Stephen Parker, National Head of Service – Mental Health at Turning Point, discusses the importance of addressing inequality in mental health care.
This year’s theme for World Mental Health Day is ‘Mental Health in an Unequal World’. At no time has this been as salient a topic as over the past 18 months. The pandemic has starkly exposed mental health inequalities that have been prevalent for years, but now it feels as if a breaking point is approaching.
It has always been the case that social determinants have been a key influence on mental health. A key way in which this manifests itself is by people’s financial position affecting this. Research has found that people with common mental disorders such as anxiety or depression receive annual average incomes of £8,400 less compared with those without any mental health issues.
People who are poor, with low levels of education, in precarious employment, living in overcrowded conditions are more likely to have mental health problems. Mental Health UK found that the recent universal credit cut has led to its mental health and money advice service seeing almost double the number of visits compared to the same time last year.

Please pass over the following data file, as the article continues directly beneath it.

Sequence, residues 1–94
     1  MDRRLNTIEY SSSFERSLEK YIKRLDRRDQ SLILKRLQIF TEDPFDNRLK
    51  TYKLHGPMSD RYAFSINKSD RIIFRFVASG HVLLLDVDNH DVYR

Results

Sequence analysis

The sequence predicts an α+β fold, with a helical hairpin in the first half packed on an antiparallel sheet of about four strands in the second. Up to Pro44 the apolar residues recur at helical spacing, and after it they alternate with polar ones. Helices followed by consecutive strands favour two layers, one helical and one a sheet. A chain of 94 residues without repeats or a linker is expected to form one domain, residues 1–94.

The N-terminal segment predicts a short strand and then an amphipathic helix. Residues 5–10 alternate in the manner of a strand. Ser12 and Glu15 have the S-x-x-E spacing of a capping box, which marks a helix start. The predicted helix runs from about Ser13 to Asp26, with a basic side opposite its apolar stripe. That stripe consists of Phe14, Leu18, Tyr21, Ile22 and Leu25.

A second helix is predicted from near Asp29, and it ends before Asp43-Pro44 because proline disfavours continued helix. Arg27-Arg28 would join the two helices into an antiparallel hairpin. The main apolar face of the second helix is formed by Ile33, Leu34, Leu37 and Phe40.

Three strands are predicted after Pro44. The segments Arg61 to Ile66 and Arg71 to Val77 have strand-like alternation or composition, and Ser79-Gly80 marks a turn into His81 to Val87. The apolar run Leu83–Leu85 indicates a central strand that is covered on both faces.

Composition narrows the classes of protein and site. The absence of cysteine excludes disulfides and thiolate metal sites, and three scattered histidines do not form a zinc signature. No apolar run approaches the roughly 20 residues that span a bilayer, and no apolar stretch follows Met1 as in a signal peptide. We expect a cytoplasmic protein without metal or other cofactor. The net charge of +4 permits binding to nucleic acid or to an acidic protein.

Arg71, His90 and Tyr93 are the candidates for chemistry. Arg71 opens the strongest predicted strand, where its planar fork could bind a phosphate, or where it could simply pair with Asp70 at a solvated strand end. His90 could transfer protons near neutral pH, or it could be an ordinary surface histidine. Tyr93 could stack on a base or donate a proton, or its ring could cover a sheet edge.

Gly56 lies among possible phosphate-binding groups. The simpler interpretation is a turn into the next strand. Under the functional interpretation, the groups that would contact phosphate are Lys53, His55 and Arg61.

This is compounded by unequal access to mental health services. This is starkly seen when compared to access to physical health services, mental health problems account for 28% of the burden of disease but only 13% of NHS spending. Some people also face additional barriers to access as a result of their particular circumstances or characteristics. For example, research suggests uptake for mental health services is lower in some Black and Minority Ethnic (BAME) communities because mental health is stigmatised or never talked about in the community.
These issues exist throughout society and in many different behaviours. It is estimated that around 30% of smokers in the UK have a mental health condition, and more than 40% of adults with a serious mental illness smoke.
Overall, these issues contribute to people with serious mental illnesses like schizophrenia dying, on average, 20 years earlier than the rest of the population.
At Turning Point, we have always been acutely aware of how the support we offer to some of the most marginalised people in society can help redress the balance of health inequalities. We are firmly focussed on the social determinants of health as the biggest influencers of long-term health outcomes.
Our mental health services work tirelessly to ensure that we are engaging groups who experience poorer mental health and have difficulty accessing services. With NHS services so under pressure at the moment due to increased awareness of mental health as well as COVID, we have opened a number of helplines. These allow people to reach out for support for themselves or get advice about how to get advice for a loved one. We have increased our offer to people in crisis as well, with more space available in our crisis houses and expanding the number of crisis cafes we run.
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